Thermokinetic processing of supersaturating and mucoadhesive amorphous solid dispersions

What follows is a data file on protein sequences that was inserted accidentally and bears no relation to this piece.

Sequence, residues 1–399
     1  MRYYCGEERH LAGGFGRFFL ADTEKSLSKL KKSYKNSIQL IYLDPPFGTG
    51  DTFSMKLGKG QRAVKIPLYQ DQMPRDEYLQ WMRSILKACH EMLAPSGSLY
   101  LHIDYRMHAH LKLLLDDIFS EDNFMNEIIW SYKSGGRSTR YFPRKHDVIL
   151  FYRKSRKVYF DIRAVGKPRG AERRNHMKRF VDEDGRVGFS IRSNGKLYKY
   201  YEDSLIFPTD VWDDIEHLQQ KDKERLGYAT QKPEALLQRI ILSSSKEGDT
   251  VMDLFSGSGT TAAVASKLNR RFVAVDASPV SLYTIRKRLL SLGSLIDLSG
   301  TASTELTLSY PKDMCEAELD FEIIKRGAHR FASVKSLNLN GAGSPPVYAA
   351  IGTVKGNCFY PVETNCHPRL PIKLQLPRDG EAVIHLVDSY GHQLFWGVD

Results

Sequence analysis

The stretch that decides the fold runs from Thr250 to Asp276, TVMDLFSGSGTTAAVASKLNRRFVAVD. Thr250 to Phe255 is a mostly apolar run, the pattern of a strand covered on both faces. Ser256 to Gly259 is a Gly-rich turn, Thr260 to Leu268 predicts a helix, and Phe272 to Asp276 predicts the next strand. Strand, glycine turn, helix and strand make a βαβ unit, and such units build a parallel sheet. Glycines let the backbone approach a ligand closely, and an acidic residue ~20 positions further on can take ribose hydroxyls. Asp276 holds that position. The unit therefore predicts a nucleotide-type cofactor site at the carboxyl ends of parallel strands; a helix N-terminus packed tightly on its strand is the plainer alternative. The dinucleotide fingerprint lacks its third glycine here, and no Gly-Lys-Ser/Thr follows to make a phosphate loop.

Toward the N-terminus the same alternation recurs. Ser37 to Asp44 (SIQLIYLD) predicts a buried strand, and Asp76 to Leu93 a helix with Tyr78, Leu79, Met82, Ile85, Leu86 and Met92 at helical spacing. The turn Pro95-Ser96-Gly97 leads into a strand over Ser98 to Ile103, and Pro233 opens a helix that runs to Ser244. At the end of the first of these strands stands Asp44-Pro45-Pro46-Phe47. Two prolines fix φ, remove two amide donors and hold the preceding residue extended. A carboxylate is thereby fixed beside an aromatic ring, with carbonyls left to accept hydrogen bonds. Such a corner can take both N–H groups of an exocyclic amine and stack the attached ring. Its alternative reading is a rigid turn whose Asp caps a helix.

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Thermal processing of amorphous solid dispersions continues to gain interest in the pharmaceutical industry, as evident by several recently approved commercial products. Still, a number of pharmaceutical polymer carriers exhibit thermal or viscoelastic limitations in thermal processing, especially at smaller scales. Additionally, active pharmaceutical ingredients with high melting points and /or that are thermally labile present their own specific challenges. A number of formulation and process driven strategies to enable thermal processing of challenging compositions have been adopted including the use of traditional plasticizers and surfactants, temporary plasticizers utilizing sub- or supercritical carbon dioxide, designer polymers tailored for hot melt extrusion processing, and KinetiSol® Dispersing technology. The objective of the first study was to compare and contrast two thermal processing methods, HME and KinetiSol® Dispersing (KSD), and investigate the influence of polymer type, polymer molecular weight, and drug loading on the ability to produce amorphous solid dispersions (ASDs) containing the model compound griseofulvin (GRIS). Dispersions were analyzed by a variety of imaging, solid-state, thermal, and solution-state techniques. Dispersions were prepared by both HME and KSD using polyvinylpyrrolidone (PVP) K17 or hydroxypropyl methylcellulose (HPMC) E5. Dispersions were only prepared by KSD using higher molecular weight grades of HPMC and PVP, as these could not be extruded under the conditions selected. PXRD analysis showed that dispersions prepared by HME were amorphous at 10 and 20% drug load; however, showed significant crystallinity at 40% drug load. PXRD analysis of KSD samples showed all formulations and drug loads to be amorphous with the exception of trace crystallinity seen in PVP K17 and PVP K30 samples at 40% drug load. These results were further supported by other analytical techniques. KSD produced amorphous dispersions at higher drug loads than could be prepared by HME, as well as with higher molecular weight polymers that were not processable by HME, due to its higher rate of shear and torque output. The purpose of the second study was to evaluate the feasibility of processing polyvinyl alcohol amorphous solid dispersions utilizing the model compound ritonavir with KinetiSol® Dispersing (KSD) technology. Polyvinyl alcohol has received little attention as a matrix polymer in amorphous solid dispersions (ASDs) due to its thermal and rheological limitations in extrusion processing and limited organic solubility in spray drying applications. Additionally, in extrusion processing, the high temperatures required to process often exclude thermally labile APIs. The effects of KSD rotor speed and ejection temperature on the physicochemical properties of the processed material were evaluated. Powder X-ray diffraction and modulated differential scanning calorimetry were used to confirm amorphous conversion. Liquid chromatography-mass spectroscopy was used to characterize and identify degradation pathways of ritonavir during KSD processing and ¹³C nuclear magnetic resonance spectroscopy was used to investigate polymer stability. An optimal range of processing conditions was found that resulted in amorphous product and minimal to no drug and polymer degradation. Drug release of the ASD produced from the optimal processing conditions was evaluated using a non-sink, pH-shift dissolution test. The ability to process amorphous solid dispersions with polyvinyl alcohol as a matrix polymer will enable further investigations of the polymer’s performance in amorphous systems for poorly water-soluble compounds. The oral delivery of mucoadhesive patches has been shown to enhance the absorption of large molecules such as peptides. In this study, we hypothesized that this mechanism could have utility for poorly soluble small molecules by utilizing a mucoadhesive polymer as the matrix for an amorphous solid dispersion. Binary dispersions of itraconazole and Carbopol 71G were prepared utilizing a thermokinetic mixing process (KinetiSol Dispersing) and the physicochemical properties were investigated by powder x-ray diffraction, calorimetry, and liquid chromatography. Adhesion of the dispersions to freshly excised porcine intestine was investigated with a texture analyzer. Minitablets were compressed from the optimal dispersion and further investigated in vitro and in vivo in rats. Thermokinetic mixing successfully processed amorphous dispersions up to 30% drug loading and each dispersion exhibited works of adhesion that were approximately an order of magnitude greater than a negative control in vitro. Ethylcellulose (EC) coated and uncoated minitablets prepared with the 30% drug load dispersion were delivered orally to rats and exhibited sustained release characteristics, with overall bioavailability greater for the uncoated minitablets compared to the EC-coated minitablets, similar to the rank order observed in our in vitro dissolution experiments. Necropsy studies showed that minitablets delivered with enteric-coated capsules targeted release to the distal small intestine and adhered to the intestinal mucosa, but the rat model presented limitations with respect to evaluating the overall performance. Based on the in vitro and in vivo results, further investigations in larger animals are a logical next step where fluid volumes, pH, and transit times are more favorable for the evaluated dosage forms.